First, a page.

HTML VERSIONS

HTML 1.0
The original version of HTML was HTML 1.0. It had very limited features which greatly limited what you could do in designing your web pages.
HTML 2.0
HTML 2.0 then arrived and included all the features of HTML 1.0 plus several new features for web page design. Until January, 1997, HTML 2.0 was the standard in web page design.
HTML 3.0
HTML 2.0 served its purpose very well, but many people designing web pages (called HTML authors or webmasters) wanted more control over their web pages and more ways to mark up their text and enhance the appearance of their websites. Netscape, the leading browser at that time, introduced new tags and attributes called the Netscape Extension Tags. Other browsers tried to duplicate them but Netscape did not fully specify their new tags and so these extension tags did not work in most other browsers. It led to considerable confusion and problems when HTML authors used these tags and attributes and then saw that they didn't work as expected in other browsers.
At about that time, an HTML working group, led by Dave Raggett, introduced the HTML 3.0 draft which included many new and useful enhancements to HTML. However, most browsers only implemented a few elements from this draft. The phrase "HTML 3.0 enhanced" quickly became popular on the web but it more often than not referred to documents containing browser specific tags (discussed below in "The Netscape Problem" section), instead of referring to documents adhering to the HTML 3.0 draft. This was one of the reasons why the draft was abandoned. HTML 3.0 is now an expired draft. Another reason why HTML 3.0 did not make it was because it was so "big". Future versions were now to be introduced in a more "modular" way so that browsers can implement them modular by modular or bit by bit.
HTML 3.2 (WILBUR)
As more browser-specific tags were introduced, it became obvious that a new standard was needed. For this reason, the Word Wide Web Consortium (W3C), founded in 1994 to develop common standards for the evolution of the World Wide Web, drafted the WILBUR standard, which later became known as HTML 3.2. HTML 3.2 captures the recommended practice as of early 1996 and became the official standard in January, 1997. Most, if not all, popular browsers in use today fully support HTML 3.2.
HTML 4.0 (COUGAR)
In the early days, HTML 4.0 was code-named COUGAR. This version introduces new functionality, most of which comes from the expired HTML 3.0 draft. This version became a recommendation in December, 1997 and a standard as of April, 1998. Explorer has done a very good job in implementing the many features of HTML 4.0. Unfortunately, Netscape has not kept pace. The latest version of Netscape Communicator still does not recognize the many tags and attributes introduced with HTML 4.0. This means that a web page that involves HTML 4.0 specific tags will look great in Explorer but can look disastrous in Netscape.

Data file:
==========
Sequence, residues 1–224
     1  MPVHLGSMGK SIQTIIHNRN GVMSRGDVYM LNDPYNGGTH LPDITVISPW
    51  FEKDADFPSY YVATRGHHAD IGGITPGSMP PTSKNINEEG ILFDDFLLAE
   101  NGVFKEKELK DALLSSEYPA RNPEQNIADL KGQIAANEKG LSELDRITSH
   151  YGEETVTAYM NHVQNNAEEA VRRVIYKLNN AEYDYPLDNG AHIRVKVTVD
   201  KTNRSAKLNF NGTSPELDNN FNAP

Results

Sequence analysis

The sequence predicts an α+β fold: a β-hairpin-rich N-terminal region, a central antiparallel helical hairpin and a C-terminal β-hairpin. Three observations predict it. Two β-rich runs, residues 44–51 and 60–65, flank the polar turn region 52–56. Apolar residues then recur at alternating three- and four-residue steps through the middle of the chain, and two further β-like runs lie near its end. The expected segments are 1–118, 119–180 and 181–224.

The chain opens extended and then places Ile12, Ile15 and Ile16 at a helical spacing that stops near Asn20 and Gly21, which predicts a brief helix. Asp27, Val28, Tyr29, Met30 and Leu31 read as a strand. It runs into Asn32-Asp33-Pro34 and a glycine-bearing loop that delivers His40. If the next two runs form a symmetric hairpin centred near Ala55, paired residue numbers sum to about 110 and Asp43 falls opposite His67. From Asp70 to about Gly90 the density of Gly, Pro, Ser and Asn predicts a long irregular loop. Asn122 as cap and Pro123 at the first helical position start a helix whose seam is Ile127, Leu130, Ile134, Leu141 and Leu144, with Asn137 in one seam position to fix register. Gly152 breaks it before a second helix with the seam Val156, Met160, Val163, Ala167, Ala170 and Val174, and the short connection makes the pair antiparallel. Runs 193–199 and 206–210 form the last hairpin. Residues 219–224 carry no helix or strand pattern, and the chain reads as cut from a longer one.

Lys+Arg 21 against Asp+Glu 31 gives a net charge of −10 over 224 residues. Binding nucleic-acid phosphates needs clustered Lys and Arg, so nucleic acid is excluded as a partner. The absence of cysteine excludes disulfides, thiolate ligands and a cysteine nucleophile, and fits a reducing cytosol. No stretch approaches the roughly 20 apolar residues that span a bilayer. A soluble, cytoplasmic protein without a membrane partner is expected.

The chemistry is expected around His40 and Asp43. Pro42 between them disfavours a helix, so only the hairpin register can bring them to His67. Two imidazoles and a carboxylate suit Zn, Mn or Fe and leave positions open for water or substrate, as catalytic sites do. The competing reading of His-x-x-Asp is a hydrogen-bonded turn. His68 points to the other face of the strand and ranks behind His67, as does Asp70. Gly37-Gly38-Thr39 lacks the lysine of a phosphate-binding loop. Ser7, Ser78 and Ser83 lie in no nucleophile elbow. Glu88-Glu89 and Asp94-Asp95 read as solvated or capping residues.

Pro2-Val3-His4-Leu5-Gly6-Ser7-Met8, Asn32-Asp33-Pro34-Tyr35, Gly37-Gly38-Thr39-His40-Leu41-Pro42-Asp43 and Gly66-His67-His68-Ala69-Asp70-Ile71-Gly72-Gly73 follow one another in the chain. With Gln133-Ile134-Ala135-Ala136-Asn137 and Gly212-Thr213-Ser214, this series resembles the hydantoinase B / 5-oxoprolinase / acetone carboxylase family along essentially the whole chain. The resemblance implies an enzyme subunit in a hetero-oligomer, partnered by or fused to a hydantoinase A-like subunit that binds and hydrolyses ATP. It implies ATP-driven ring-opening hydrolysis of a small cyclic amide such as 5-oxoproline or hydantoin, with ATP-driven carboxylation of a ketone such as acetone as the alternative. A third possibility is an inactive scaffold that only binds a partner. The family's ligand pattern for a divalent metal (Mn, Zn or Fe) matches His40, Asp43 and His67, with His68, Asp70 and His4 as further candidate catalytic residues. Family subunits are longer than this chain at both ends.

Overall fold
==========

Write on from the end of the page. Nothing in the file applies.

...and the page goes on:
XHTML 1.0
You would think that the next major version after HTML 4.0 would be HTML 5.0 and with it would come a bunch of new tags that would do all sorts of wonderful things. That would be a good guess - but it would also be a wrong guess. The next version of HTML after HTML 4 is XHTML.

XHTML stands for EXtensible HyperText Markup Language.
EXtensible
Hyper
Text
Markup
Language

XHTML 1.0 is not bringing with it a lot of new tags. The purpose of XHTML is to address the new browser technologies that is sweeping the world. Today web pages are being viewed in browsers through cell/mobile phones, cars, televisions, plus a host of hand-held wireless devices and communicators. Alternate ways to access the internet are continually being introduced. In many cases, these devices will not have the computing power of a desktop or notebook computer and so will not be able to accommodate poor or sloppy coding practices. XHTML is designed to address these technologies. XHTML also begins to address the need for those with disabilities (such as the blind and visually impaired) to access the internet. Thus web pages written in XHTML will allow them to be viewed on a wide range of browsers and internet platforms.

XHTML 1.0 is the result of the hard working World Wide Web Consortium (the W3C) to bring some sort of standard to provide rich high quality web pages through these varied devices. XHTML became an official W3C recommendation in January, 2000. XHTML is now a web standard and is the next generation of HTML

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